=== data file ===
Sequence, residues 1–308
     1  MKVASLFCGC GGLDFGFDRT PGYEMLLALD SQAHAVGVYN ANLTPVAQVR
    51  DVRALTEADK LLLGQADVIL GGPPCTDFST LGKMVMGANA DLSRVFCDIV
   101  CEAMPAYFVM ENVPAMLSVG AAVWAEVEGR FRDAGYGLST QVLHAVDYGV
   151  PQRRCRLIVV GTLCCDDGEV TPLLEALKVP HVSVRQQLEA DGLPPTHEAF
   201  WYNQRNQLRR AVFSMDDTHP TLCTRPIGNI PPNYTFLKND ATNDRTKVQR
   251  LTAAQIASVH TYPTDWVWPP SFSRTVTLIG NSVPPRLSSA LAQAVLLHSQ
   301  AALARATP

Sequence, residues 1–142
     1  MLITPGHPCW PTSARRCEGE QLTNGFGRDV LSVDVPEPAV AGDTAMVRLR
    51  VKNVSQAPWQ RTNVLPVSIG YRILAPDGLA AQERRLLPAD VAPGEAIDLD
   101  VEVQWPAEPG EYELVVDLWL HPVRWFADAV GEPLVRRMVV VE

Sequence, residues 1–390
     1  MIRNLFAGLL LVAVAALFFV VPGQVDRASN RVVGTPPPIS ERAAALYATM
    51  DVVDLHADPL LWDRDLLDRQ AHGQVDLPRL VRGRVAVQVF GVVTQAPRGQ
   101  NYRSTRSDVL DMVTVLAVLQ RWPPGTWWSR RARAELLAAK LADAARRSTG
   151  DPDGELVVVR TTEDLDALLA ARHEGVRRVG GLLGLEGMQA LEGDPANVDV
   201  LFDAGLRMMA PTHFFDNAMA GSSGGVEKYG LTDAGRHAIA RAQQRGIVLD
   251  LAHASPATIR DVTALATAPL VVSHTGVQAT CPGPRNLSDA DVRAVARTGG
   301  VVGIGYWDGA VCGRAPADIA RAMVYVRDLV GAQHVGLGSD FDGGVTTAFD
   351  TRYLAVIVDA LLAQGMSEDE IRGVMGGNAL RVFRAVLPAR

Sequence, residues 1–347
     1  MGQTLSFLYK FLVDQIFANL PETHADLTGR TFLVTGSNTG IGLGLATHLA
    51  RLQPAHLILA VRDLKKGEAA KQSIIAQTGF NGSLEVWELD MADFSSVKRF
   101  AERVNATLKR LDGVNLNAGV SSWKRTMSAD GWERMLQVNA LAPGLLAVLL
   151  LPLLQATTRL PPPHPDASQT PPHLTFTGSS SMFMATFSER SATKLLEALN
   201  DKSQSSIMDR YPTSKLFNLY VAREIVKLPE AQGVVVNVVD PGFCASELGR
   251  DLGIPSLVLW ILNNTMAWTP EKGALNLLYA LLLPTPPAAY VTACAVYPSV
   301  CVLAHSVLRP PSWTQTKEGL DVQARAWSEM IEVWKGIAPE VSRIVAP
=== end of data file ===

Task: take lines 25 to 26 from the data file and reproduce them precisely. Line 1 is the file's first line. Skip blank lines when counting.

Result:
   101  AERVNATLKR LDGVNLNAGV SSWKRTMSAD GWERMLQVNA LAPGLLAVLL
   151  LPLLQATTRL PPPHPDASQT PPHLTFTGSS SMFMATFSER SATKLLEALN